David Goldstein to Direct Columbia’s Institute for Genomic Medicine

A pioneering human geneticist has been recruited to direct a new Institute for Genomic Medicine at Columbia, a joint effort with NewYork-Presbyterian Hospital. David Goldstein, PhD, will join Columbia Jan. 1, 2015, as professor of genetics & development. Dr. Goldstein, who has been recruited from Duke University, will be responsible for building a program that comprehensively integrates genetics and genomics into research, patient care, and education.

Dr. Goldstein also will develop programs that prepare students for careers in the expanding field of genomic and precision medicine.

Dr. Goldstein will serve as an adviser to Columbia University President Lee C. Bollinger and Executive Vice President for Health and Biomedical Sciences Lee Goldman, MD, on the genetic and genomic components of Columbia’s university-wide initiative in precision medicine, which was announced in February.

Dr. Goldstein’s research has focused on identifying the relationship between human genetic variations and disease, including epilepsy, hepatitis C, and schizophrenia, and the response of disease to pharmacologic treatments. In addition to his leadership of the Institute for Genomic Medicine at CUMC, he will have a faculty appointment at the New York Genome Center and an appointment in neurology at P&S.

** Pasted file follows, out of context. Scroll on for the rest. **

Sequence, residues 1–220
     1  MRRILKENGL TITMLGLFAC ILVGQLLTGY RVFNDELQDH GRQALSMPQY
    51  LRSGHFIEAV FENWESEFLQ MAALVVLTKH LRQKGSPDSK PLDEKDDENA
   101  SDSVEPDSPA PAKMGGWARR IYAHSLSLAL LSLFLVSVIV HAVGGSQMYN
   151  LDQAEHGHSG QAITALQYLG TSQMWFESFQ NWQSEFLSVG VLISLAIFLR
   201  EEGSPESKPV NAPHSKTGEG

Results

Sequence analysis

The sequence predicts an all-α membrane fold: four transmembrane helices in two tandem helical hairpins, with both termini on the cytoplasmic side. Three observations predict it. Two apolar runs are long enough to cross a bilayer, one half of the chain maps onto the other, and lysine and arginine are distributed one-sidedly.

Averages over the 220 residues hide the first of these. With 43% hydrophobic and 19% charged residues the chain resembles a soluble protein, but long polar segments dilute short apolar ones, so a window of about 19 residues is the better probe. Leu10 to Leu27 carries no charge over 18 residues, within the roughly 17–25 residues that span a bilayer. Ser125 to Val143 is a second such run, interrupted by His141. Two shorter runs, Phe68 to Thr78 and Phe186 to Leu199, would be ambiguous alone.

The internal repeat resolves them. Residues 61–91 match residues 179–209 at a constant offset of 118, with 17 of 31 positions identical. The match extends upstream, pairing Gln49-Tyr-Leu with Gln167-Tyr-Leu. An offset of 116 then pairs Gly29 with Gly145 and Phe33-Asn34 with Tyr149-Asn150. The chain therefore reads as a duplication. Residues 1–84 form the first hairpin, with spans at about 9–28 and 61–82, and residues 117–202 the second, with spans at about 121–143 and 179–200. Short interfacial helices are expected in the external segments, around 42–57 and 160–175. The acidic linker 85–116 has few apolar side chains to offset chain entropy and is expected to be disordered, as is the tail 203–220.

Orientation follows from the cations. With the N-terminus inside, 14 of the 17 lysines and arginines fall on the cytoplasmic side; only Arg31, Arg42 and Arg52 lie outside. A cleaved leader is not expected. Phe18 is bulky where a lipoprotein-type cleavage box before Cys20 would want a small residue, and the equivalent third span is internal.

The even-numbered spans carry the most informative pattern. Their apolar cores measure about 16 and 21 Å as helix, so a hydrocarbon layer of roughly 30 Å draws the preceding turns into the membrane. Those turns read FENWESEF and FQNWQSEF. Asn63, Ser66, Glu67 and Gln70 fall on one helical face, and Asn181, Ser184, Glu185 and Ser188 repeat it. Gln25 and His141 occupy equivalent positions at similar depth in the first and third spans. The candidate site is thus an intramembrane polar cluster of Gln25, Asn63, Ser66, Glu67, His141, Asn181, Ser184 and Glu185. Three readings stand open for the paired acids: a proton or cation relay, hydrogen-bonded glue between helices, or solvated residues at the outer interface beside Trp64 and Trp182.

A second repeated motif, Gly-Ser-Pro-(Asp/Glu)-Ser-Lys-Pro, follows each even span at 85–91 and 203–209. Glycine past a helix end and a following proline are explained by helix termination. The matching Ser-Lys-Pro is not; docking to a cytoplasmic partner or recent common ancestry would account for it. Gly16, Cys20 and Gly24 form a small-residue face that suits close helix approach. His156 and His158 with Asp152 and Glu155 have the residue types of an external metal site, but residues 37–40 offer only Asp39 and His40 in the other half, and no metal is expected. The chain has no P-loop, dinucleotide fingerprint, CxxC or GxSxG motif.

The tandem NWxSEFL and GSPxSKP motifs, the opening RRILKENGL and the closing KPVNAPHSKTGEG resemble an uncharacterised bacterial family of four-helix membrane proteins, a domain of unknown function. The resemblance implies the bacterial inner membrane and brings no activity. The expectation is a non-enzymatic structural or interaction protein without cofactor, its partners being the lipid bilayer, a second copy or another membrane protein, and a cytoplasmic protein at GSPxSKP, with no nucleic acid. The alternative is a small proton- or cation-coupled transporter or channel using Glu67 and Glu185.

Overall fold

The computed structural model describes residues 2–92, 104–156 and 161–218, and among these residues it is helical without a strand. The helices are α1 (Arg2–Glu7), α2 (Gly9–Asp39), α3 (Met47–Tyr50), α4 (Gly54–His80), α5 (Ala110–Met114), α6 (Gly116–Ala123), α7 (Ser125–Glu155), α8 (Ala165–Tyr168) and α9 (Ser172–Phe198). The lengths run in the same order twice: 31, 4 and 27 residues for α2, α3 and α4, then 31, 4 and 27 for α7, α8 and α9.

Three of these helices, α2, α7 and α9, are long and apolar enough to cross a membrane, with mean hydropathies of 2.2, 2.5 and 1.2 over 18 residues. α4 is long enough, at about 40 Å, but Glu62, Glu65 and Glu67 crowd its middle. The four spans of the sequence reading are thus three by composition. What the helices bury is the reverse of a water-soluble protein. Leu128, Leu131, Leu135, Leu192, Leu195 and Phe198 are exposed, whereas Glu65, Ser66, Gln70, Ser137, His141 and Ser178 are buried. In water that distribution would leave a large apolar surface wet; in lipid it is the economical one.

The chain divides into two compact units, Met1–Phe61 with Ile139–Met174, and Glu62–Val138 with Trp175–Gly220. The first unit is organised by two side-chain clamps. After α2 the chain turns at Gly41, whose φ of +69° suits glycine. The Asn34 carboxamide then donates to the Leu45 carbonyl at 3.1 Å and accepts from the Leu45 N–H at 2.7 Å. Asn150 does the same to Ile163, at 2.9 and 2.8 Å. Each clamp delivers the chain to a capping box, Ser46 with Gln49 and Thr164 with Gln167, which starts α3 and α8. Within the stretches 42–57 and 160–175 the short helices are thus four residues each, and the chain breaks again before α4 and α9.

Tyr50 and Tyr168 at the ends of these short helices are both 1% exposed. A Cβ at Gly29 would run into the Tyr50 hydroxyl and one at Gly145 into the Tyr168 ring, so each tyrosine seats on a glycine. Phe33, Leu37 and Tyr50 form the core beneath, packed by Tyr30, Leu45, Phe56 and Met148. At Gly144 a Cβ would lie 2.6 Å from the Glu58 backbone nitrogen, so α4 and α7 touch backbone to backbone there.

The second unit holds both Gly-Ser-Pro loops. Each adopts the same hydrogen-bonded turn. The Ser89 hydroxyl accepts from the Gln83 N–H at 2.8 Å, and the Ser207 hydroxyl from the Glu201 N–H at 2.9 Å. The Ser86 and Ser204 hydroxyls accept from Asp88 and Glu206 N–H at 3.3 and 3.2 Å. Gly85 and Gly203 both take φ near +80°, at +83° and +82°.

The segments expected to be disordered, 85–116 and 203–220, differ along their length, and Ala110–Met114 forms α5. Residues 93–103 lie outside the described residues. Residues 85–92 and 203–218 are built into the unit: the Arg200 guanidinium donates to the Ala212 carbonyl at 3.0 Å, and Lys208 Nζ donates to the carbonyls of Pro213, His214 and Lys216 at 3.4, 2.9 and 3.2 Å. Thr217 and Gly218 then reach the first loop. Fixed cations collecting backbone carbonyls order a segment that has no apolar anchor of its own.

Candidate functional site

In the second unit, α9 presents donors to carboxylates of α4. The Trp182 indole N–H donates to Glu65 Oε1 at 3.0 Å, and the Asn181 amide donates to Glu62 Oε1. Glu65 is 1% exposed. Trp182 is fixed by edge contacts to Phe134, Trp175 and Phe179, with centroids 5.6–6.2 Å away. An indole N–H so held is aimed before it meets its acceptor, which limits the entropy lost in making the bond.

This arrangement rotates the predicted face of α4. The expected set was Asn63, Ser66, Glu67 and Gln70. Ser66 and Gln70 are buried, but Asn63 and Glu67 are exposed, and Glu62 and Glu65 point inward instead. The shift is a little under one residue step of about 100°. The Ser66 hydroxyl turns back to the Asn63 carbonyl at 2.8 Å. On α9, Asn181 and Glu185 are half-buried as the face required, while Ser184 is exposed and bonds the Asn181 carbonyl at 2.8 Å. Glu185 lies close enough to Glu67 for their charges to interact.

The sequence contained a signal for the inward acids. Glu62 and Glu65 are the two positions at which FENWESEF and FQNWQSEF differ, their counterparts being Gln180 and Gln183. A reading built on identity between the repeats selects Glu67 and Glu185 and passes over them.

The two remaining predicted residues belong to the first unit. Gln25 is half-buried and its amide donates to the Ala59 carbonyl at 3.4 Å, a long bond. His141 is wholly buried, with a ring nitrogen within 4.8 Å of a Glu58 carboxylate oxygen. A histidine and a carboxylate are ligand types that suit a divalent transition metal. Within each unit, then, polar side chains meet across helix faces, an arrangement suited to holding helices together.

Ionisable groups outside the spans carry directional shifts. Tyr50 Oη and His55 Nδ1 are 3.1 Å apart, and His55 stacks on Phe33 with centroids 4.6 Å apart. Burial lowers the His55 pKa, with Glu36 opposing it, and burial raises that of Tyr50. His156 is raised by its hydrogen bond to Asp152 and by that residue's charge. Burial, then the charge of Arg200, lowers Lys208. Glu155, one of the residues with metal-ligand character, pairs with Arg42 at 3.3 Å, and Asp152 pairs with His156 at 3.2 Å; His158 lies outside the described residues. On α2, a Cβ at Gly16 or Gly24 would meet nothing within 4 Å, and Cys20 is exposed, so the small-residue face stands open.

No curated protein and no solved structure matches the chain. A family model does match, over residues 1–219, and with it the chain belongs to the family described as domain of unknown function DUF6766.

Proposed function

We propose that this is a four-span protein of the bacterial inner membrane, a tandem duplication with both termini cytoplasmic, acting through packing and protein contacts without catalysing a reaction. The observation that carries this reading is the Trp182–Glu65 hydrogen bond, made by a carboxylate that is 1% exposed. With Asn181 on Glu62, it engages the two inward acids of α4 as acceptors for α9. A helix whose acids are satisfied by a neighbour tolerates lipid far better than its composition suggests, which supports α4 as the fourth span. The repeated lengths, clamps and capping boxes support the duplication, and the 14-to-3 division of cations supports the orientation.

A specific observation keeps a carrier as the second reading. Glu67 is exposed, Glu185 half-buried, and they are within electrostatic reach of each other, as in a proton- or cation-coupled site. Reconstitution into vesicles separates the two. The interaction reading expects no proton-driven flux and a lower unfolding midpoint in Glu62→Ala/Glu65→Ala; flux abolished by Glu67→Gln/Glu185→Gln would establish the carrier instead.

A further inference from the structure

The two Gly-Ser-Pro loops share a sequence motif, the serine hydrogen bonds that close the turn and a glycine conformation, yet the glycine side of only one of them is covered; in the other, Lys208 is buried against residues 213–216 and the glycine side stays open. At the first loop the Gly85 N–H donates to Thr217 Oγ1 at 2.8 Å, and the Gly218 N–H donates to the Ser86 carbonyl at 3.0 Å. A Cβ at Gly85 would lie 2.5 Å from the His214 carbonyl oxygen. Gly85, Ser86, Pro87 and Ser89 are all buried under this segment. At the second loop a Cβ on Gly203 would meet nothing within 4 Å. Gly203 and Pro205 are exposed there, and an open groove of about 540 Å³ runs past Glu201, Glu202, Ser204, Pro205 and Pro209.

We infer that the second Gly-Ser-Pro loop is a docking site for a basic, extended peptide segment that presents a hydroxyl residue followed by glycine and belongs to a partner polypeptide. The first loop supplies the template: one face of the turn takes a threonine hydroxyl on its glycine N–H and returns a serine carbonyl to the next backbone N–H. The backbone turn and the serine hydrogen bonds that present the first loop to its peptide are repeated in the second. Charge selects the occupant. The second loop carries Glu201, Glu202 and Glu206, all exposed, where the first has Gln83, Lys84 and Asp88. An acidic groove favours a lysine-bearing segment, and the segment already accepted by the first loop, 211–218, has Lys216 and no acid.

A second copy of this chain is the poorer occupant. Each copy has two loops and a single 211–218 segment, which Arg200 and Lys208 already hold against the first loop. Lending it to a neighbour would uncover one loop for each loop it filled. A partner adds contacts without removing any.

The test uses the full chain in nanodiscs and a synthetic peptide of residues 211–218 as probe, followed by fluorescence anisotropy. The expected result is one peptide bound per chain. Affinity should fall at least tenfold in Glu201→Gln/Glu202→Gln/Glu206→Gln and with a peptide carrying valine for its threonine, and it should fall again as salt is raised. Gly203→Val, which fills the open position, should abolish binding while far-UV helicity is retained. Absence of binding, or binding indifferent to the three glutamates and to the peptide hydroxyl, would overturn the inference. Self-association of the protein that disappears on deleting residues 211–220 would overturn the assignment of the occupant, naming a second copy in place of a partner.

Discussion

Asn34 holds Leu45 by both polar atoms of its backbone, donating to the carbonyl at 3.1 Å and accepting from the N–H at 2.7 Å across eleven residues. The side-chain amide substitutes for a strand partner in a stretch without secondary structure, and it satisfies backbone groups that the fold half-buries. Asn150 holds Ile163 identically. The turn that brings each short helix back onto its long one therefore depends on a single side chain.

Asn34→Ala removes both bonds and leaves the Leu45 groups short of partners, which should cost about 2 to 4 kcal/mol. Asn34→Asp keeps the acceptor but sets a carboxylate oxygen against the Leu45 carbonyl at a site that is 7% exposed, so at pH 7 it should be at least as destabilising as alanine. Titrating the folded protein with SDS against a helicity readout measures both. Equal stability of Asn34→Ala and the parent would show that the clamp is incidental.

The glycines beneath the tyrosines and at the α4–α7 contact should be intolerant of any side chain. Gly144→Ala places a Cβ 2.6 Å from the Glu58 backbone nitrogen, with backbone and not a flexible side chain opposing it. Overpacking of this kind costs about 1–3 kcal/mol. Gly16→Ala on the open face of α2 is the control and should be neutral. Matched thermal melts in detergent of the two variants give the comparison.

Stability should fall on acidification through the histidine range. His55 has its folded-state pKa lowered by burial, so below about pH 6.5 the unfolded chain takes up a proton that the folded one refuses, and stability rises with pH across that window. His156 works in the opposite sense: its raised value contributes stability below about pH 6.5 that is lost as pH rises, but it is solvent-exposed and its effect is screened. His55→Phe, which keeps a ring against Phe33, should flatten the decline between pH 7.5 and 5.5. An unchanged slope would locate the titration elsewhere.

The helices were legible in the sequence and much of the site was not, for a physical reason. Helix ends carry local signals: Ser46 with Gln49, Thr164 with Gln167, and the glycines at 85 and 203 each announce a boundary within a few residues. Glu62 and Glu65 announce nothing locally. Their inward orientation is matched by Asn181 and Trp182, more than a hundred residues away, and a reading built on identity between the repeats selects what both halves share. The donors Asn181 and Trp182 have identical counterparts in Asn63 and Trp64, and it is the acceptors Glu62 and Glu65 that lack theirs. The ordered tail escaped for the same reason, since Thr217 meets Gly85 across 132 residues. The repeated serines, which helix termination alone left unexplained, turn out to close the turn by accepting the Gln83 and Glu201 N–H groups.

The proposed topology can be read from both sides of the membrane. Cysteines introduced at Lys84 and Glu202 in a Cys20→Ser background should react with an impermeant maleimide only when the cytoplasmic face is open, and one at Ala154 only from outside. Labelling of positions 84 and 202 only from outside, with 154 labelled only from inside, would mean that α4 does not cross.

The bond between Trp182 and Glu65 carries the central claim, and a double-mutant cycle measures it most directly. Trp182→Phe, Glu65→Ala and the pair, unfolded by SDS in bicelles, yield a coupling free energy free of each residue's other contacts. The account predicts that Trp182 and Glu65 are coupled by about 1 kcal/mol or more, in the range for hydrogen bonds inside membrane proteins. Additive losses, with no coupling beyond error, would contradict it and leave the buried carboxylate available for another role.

At Duke, Dr. Goldstein has been director of the Center for Human Genome Variation and the Richard and Pat Johnson Distinguished University Professor, with appointments in molecular genetics & microbiology and biology. He joined Duke in 2005 after six years at University College London, which named him Honorary Professor in 2007. He received his PhD in biological sciences from Stanford University in 1994.

“The vision of Columbia University and NYP to create a truly integrated environment for research, clinical application, and student instruction is exactly the right vision,” says Dr. Goldstein. “Human genomics is creating breathtaking new opportunities to better understand the biology of disease and to provide more effective and more accurately targeted therapies. Capitalizing on these opportunities and ensuring that clinical applications adhere to the highest-possible scientific standards require close collaborations among researchers, the clinical community, and patients and their families.”

Dr. Goldstein was elected a fellow of the American Association for the Advancement of Science in 2013 and received one of the first seven nationally awarded Royal Society/Wolfson research merit awards in the United Kingdom for his work in human population genetics. Also in 2013, Dr. Goldstein chaired the Gordon Research Conference in Human Genetics. He serves on the Advisory Council at the National Institute of Neurological Disorders and Stroke.